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Two’s a crowd: how to share your home and office with a partner

If you’re working from home, with your partner by your side, tune into the lives of other successful partnerships to hear what keeps them motivated day to day.

For Kedan and Kath Griffin, a lot has changed since the early days of starting their home business, Bike Bag Dude. They’ve welcomed a second child into the mix and invested in a workshop space but perhaps the biggest difference was Kath’s return to part-time employment as a financial planner.

After leaving her job to start Bike Bag Dude with Kedan back in 2012, the couple worked hard to build a loyal following for Kedan’s bespoke, handmade bike bags.

Five years on and two kids later, they decided the household needed a steady wage coming in – a constant income that could support them through the peaks and troughs of small business ownership.

As Kedan points out, “The hardest thing about any small business is the costs.” Kath adds that financial stress took a major toll on their relationship in the early days. For them, knowing when to change things up was crucial, and Kath stepped into the role naturally.

“If things need to change, you have to be able to recognise that and decide if someone is more invested in the business. In our case, Bike Bag Dude is Kedan’s baby so when we needed to bring in another income, it was I who stepped out.”

The good news is that they’re not in business for the money. Kedan’s biggest piece of advice for anyone looking to start a small business is to “go into it for the right reasons – for the joy of what

This sentiment is echoed by Craig and Gilda, another husband and wife duo pursuing their respective creative ventures in the same working space you’re doing.”

Craig puts it like this: “Follow inspiration and work it out from there. Don’t think about money, just focus on creating something you’re proud of.”

Like Kath and Kedan, they’ve also moved into a bigger space recently with a workshop, shopfront and dedicated areas to work on their projects. While their businesses remain separate, Craig with Ernest Studio and Gilda with Kisah jewellery, their roles in each have always been dynamic.

Between 2014 and 2018, Craig supported Gilda’s business as it thrived. In 2018, Craig started to find his feet with Ernest Studio as Gilda’s passion for her current setup dwindled, prompting her to take some time off to reassess her business model. For them, this adaptability has been crucial to the creative process, allowing each of them to shift gears when things became stagnant.

Both couples have learnt a lot about operating as a partnership, and share their tips for anyone going into a similar setup – be that starting a business, or simply working from home together for the first time.  

Top tips for working with your partner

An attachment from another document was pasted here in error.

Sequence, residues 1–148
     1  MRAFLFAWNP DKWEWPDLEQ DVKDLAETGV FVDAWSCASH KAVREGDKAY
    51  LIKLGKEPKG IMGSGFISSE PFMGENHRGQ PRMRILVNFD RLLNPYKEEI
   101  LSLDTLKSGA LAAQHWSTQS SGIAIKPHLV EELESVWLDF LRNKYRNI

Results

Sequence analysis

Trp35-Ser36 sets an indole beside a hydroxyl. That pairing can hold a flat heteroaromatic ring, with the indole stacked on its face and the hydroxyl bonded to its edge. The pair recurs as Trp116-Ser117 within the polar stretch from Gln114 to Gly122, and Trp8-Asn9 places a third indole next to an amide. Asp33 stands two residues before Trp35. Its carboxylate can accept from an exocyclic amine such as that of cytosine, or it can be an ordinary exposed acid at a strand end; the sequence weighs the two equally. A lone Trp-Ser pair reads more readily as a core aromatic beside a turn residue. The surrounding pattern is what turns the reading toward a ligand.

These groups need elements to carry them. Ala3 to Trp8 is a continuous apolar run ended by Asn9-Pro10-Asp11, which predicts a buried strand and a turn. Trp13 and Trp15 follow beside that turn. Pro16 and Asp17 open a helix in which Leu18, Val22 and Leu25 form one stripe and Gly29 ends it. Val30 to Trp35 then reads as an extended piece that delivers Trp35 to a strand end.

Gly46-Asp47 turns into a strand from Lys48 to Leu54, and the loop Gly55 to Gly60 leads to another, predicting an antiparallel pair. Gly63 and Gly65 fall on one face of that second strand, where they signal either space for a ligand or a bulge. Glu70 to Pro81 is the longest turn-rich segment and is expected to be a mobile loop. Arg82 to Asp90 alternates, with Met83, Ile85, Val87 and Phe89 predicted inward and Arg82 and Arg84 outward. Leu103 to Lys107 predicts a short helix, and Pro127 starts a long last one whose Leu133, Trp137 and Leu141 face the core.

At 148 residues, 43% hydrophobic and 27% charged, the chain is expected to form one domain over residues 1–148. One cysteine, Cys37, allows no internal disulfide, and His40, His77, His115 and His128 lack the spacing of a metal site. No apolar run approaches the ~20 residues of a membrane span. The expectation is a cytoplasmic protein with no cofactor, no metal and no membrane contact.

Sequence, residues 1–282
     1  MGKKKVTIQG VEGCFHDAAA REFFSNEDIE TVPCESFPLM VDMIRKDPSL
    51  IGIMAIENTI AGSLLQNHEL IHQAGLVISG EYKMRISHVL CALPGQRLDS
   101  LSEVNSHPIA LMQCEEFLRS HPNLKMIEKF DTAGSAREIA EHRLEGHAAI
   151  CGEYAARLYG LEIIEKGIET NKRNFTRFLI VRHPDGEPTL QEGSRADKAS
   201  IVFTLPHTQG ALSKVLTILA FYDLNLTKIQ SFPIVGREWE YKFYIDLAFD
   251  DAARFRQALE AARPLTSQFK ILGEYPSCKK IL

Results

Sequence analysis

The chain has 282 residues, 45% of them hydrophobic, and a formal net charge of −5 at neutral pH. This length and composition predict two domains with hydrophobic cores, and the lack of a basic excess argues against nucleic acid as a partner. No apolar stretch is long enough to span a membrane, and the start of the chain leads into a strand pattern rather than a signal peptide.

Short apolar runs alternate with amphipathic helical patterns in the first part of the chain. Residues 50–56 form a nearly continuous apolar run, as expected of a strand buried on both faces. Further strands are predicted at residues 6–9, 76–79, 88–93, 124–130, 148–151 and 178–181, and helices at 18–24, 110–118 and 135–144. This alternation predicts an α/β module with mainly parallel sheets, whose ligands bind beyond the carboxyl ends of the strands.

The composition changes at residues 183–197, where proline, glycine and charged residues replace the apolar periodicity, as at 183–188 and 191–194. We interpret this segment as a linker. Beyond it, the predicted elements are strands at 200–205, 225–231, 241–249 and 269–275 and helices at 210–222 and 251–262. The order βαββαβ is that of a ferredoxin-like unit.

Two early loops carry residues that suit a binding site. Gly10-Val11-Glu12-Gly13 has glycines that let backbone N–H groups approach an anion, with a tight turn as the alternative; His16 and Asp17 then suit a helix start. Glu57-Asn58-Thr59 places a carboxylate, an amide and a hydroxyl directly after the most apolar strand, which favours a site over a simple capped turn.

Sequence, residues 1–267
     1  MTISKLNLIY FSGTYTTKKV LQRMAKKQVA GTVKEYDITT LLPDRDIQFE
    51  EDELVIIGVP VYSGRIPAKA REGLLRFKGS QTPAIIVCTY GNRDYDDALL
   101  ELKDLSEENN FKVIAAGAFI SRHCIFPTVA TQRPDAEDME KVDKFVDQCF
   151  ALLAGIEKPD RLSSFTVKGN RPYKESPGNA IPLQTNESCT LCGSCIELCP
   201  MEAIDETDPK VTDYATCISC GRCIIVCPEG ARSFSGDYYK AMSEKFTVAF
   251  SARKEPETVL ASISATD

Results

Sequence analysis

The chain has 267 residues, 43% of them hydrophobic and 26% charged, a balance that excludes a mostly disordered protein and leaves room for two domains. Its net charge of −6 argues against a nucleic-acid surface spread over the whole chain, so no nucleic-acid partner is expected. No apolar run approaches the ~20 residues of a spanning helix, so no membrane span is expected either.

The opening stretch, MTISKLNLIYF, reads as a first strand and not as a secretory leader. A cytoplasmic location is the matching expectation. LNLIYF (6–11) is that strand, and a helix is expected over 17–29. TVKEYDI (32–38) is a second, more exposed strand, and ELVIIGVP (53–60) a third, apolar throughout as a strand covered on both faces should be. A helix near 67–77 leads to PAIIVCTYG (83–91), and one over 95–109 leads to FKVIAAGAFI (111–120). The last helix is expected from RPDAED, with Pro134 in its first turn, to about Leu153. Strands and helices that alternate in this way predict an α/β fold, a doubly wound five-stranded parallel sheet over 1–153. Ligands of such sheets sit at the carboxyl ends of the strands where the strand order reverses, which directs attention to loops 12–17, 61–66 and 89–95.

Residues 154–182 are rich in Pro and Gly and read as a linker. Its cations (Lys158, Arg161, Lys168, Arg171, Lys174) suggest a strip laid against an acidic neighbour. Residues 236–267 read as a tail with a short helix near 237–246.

1. Know how you complement each other

Understanding each other’s strengths and weaknesses is important for any relationship, but it’s especially important for couples who work together.

According to Kath, “You’ve got to have your own strengths. You both need to come into the business with something that the other person doesn’t offer.”

Craig echoes this, flagging the importance of “understanding each other’s working processes.”

2. Work with what you’ve got; use what you have.

According to Craig and Gilda, if they had a mantra, this would be it. For them, learning to work with the space, materials and time you have available is part of the creative process. And, as Craig points out, “You’ll always end up pushing your boundaries. I still feel like I could use a bigger space, a bigger workshop, even now.”

3. Don’t be afraid of mess!

Especially in smaller spaces, getting comfortable with each other’s work-related mess will make life a whole lot easier. Even regular households get untidy sometimes so adding a home workshop to the mix brings with it a whole lot more stuff that’s left around. Learning to live with that is important, not just for your relationship, but also for creative flow. As Craig explains, “Packing up and setting up can be a real project killer.”

4. During work hours, treat each other like colleagues

Gilda describes how she and Craig treat each other as co-workers. “We respect each other’s boundaries. If Craig needs the downstairs space I can find somewhere else so I don’t disrupt his work.”

5. Get things done

It might sound obvious but for Kath, “communicating effectively to make sure you’re both getting what you want” is vital. Kedan adds that, “Many arguments don’t happen if the things that need to get done get done”. For couples in business together, this means ensuring that one person takes responsibility for completing a task – because according to Kedan, “If it’s on both of you, it won’t happen and then there’s a problem.”

6. Practise working together

Kedan and Kath describe how smaller projects helped prepare them for starting a business. Kath says, “We did lots of building projects, which inadvertently taught us to work together. We learnt from there how the other person operates.”

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